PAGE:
With the prices teams are paying to acquire players in the week leading up to the NHL’s trade deadline, you have to think that some teams who have been on the buyer-seller bubble all season are starting to wonder how deep into their rosters they should cut.
A sellers’ market resulting in crazy overpays for rentals hasn’t been too common in recent years, with teams starting to get a little more protective of their first-round draft picks and more priority being placed on keeping your best prospects. In general, that cautious approach is usually the right one, but the returns on trades we’ve seen so far seem to be less cautious than usual.
Because of that, some names are popping up that wouldn’t be available in a normal year. In fact, a few selling teams hold some huge potential additions for competing teams, depending on how much they’re willing to rip their rosters apart in the near future.
For teams looking to add goal scoring, who are the potentially attainable players most likely to get results post-deadline?
A huge percentage of goal scoring is about talent, beyond just what can be measured with shot statistics. Patrik Laine is never going to be among the leaders in high danger scoring chances put on net, but his incredible release and instincts on how to get lost in traffic will always allow him to produce goals.
Because so much of that nebulous ability to put the puck in the net is about the split-second decisions before or even during a shot, it can be hard to quantify, but we can do our best to take the general statistics and figure out which players who could be available at the deadline would be impact adds.
As opposed to the usual listing of just how often a player completes a specific event, this time I wanted to do something a little different and show how much better or worse a player is in a specific statistic compared to the league average. This should give a better impression of the impact the player can make in each area.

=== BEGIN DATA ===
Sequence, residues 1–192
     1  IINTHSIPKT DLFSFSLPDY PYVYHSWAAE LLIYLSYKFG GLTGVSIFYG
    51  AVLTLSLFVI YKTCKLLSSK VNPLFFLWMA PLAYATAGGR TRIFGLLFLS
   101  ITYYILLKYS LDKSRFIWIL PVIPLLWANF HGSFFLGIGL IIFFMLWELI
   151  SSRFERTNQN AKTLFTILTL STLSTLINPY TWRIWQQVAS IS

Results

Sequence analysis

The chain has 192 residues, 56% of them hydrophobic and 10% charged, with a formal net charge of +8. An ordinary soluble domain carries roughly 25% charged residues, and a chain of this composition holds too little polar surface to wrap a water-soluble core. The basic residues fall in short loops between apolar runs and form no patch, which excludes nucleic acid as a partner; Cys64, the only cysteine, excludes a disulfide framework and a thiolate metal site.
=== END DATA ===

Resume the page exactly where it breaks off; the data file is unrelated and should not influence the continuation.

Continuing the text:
Looking at the landscape of teams in sell mode, a good part of this list is going to be highly dependent on how little confidence the Florida Panthers and Montreal Canadiens have in their current rosters being able to turn things around quickly next season.
If both teams believe external issues kept them out of the playoff picture and decide to keep their good players, this list is going to look much less robust. Or if the Maple Leafs keep struggling and the Panthers sneak in by Monday, they may not sell at all. But let’s operate on the assumption that some very good players are going to be available.
Chris Kreider, NY Rangers
Kreider is probably the most talked about forward on the market heading into the deadline, and I’ve looked at his strengths and weaknesses recently. Kreider is best as a net-front presence, getting shots on net from the inner slot at a rate 25 per cent better than a league average forward. However, he’s not just a net-front guy, he’s also above average from the slot overall, gets tons of one-timers off, and is one of the best wingers in the league off the rush.
That speed and size combination is so enticing for basically every team, and he’s got a history of strong defensive acumen to bring to the table as well. The one area where he doesn’t really stand out is off the cycle. If that’s the primary need for a team, they should look elsewhere.
Tomas Tatar, Montreal Canadiens
I’m not sure if the Canadiens are willing to part with Tatar this season, but since he has a year left on his contract the cost of acquiring him should be relatively huge. If a team needs a true top-line winger who can score and make plays while driving possession on top of it all, they should be going hard after Tatar.
Despite playing on a team that loves to attack off the rush, Tatar isn’t amazing in that area, but he’s excellent everywhere else. Teams may be a little gun shy considering how things turned out for him with the Vegas Golden Knights the last time he was traded mid-season, but the past two seasons he’s been one of the best wingers in the NHL in overall impact. I highly doubt that just drops off out of nowhere, especially since he maintained his strong play while common linemate and proven possession monster Brendan Gallagher was injured earlier in the year.